A landlord can breach the Act by inflicting direct or indirect discrimination on a tenant or prospective tenant. An example of direct discrimination is refusing to rent a property to an individual due to the colour of his or her skin or nationality. Indirect discrimination is harder to define and subject to wide interpretation. For example, if a landlord insists on checking papers of individuals because they are of a certain nationality, would this be amount to a breach of the Equality Act 2010? The reason landlords are so concerned is that although a breach of section 22 of the Immigration Act 2014 could result in a £3000.00 fine, if a landlord were to refuse to rent a property to a tenant, who did have the right to rent, they could face a discrimination claim with liability to uncapped damages, orders to pay court costs for the other side, and bad publicity.
To assist landlords in balancing their obligations under each Act, the Government has published a Code of Practice, which provides guidance to landlords performing right to rent checks.
The Code of Practice states:
“The equality laws are there to protect everyone. Landlords are advised to conduct immigration status checks in a consistent and fair manner in relation to all prospective tenants to protect themselves from claims of discrimination and to keep records of checks made. If a prospective tenant will not co-operate with the checks, landlords should explain that they are undertaking these checks to protect themselves in law. Should the tenant still fail to co-operate, landlords are not breaching any law by looking to other tenants to fill their accommodation.”
To protect themselves against the possibility of discrimination claims, a landlord should:
- Carry out right to rent checks on all prospective tenants, regardless of nationality or race; and
- Keep detailed records of the checks and file documents that have been relied on
- Be aware of the implications of introducing certain criteria when checking the backgrounds of tenants.
Unfortunately, at this stage, the only knowledge of what the new licensing regime will comprise of contained in the few paragraphs contained in Mr Cameron’s speech.
However, a detailed study done in 2007 revealed the many issues facing migrants, issues that are likely to be exasperated with the passing of eight years, given that net migration increased from 237,000 in 2007 to 298,000 in 2014.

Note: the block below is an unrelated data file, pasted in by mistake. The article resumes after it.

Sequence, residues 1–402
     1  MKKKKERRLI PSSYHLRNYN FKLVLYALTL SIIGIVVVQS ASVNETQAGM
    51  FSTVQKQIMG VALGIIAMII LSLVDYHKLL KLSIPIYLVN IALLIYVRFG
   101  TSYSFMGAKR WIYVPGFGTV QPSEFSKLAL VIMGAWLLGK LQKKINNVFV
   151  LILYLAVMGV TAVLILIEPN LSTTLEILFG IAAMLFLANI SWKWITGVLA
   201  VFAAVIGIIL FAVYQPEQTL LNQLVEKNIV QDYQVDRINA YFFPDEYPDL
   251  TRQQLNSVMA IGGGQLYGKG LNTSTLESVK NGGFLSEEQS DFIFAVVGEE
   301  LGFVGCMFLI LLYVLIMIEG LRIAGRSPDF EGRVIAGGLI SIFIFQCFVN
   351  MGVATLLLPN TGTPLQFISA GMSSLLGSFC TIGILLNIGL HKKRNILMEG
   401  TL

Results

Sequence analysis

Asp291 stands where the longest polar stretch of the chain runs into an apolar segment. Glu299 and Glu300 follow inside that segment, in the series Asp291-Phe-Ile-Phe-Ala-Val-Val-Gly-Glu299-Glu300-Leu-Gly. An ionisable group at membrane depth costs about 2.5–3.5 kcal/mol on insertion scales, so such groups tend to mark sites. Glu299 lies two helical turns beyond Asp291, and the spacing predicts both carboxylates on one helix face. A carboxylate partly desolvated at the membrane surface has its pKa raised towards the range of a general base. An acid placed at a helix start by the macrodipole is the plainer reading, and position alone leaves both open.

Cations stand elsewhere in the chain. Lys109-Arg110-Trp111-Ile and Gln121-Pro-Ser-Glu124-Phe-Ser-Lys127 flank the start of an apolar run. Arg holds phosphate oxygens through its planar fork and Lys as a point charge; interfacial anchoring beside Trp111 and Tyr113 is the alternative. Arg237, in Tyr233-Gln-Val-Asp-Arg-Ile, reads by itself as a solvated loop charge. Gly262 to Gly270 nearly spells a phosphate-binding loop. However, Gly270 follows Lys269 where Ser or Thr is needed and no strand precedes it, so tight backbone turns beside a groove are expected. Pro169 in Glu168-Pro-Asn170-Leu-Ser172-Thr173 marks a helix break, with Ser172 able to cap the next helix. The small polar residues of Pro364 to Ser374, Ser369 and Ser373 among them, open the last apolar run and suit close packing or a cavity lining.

The research shows that migrants face the following problems when trying to obtain adequate housing in the UK:
- New immigrants tend to rent premises rejected by the rest of the housing market which results in a concentration of migrants in specific neighborhoods
- Most new immigrants moved into temporary accommodation upon first arriving in the UK. Poor living conditions, lack of privacy and concerns about safety and security were often associated with temporary accommodation and were sometimes endured for many months.
- Some immigrants reported the problems of lack of security of tenure and poor housing standards becoming long-term problems
By introducing a mandatory licensing scheme, the government hopes to crack down on criminal landlords who supply unsafe and unsanitary homes and then attempt to cram as many desperate people as they can into them. It will also provide a relatively thrifty way of identifying and restricting illegal immigrants, as local landlords could be effectively doing the job of immigration officers by uncovering illegal immigrants and overstayers and reporting them to the Home Office.
Whatever the details of the new scheme, they are bound to be controversial. Critics have already stated that various forms of regulations and licensing have so far failed to discourage unscrupulous landlords. Stay tuned and we will keep you updated as further details of the scheme are released over the coming months.
If you would like to find out more about aspects of the law regarding landlords and immigration rules, please phone our London office on 020 3588 3500 to make an appointment.
Do you have any opinions on the proposed licensing scheme? Please feel free to post your comments below.